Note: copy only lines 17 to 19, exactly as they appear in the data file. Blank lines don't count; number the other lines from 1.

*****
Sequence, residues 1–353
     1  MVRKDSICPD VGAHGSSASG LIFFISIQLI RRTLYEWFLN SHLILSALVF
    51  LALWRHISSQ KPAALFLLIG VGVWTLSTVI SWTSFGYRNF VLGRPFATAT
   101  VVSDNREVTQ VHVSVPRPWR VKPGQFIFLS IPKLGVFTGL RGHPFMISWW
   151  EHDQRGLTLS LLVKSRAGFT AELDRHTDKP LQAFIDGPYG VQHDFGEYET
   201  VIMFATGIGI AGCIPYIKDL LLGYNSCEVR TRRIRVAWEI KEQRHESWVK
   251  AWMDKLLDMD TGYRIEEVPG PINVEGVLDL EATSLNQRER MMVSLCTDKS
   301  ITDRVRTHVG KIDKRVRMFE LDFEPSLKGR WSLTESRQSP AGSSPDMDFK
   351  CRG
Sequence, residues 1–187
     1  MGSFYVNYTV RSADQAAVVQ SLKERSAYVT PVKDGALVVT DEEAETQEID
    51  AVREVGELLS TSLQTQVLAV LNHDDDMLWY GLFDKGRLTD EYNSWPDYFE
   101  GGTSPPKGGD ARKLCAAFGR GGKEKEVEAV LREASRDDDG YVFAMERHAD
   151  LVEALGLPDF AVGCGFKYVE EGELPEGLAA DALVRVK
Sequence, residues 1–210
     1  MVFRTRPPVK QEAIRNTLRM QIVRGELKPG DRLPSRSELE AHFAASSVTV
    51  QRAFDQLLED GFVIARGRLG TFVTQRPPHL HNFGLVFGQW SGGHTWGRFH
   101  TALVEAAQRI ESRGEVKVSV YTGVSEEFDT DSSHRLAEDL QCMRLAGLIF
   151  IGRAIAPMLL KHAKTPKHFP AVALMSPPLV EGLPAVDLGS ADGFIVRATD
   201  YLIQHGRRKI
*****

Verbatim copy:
    51  QRAFDQLLED GFVIARGRLG TFVTQRPPHL HNFGLVFGQW SGGHTWGRFH
   101  TALVEAAQRI ESRGEVKVSV YTGVSEEFDT DSSHRLAEDL QCMRLAGLIF
   151  IGRAIAPMLL KHAKTPKHFP AVALMSPPLV EGLPAVDLGS ADGFIVRATD